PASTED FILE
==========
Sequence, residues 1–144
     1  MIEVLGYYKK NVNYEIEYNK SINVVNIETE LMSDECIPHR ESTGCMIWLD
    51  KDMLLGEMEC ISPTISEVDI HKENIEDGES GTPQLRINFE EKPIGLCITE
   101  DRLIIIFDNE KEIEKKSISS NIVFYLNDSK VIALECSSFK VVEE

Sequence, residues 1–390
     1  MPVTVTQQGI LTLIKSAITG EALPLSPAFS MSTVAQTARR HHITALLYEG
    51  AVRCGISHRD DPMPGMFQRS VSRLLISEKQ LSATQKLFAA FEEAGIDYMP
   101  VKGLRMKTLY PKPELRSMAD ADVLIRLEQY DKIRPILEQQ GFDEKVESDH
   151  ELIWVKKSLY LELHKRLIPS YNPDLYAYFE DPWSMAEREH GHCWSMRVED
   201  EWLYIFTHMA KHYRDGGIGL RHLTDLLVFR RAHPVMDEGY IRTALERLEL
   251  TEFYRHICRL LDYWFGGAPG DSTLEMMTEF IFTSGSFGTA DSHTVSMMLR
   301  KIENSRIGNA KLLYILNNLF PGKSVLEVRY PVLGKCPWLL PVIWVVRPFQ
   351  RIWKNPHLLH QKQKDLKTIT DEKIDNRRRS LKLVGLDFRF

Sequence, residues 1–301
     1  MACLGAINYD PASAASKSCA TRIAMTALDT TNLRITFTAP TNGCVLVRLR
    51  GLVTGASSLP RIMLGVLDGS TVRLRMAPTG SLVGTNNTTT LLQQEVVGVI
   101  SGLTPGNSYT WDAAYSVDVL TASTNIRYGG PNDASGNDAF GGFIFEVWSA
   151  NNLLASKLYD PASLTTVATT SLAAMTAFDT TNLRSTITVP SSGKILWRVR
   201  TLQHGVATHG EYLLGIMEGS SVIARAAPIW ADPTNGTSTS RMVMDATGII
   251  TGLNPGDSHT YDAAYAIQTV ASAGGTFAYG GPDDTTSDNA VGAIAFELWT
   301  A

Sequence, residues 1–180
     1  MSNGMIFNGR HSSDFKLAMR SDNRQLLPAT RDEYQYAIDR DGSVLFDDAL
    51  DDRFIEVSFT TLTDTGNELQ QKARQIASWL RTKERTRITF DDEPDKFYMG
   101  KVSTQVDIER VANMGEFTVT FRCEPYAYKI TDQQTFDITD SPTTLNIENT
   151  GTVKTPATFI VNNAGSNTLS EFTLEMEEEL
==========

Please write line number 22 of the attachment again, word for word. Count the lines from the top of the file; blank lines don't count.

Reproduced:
Sequence, residues 1–180